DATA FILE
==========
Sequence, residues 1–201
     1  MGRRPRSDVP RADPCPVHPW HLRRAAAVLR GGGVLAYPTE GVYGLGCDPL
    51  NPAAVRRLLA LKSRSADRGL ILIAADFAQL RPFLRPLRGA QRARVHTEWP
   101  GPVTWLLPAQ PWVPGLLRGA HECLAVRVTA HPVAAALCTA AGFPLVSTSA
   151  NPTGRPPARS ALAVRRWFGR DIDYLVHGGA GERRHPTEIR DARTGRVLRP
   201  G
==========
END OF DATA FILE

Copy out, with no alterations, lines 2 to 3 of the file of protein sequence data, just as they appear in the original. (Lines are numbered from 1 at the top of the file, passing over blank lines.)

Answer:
     1  MGRRPRSDVP RADPCPVHPW HLRRAAAVLR GGGVLAYPTE GVYGLGCDPL
    51  NPAAVRRLLA LKSRSADRGL ILIAADFAQL RPFLRPLRGA QRARVHTEWP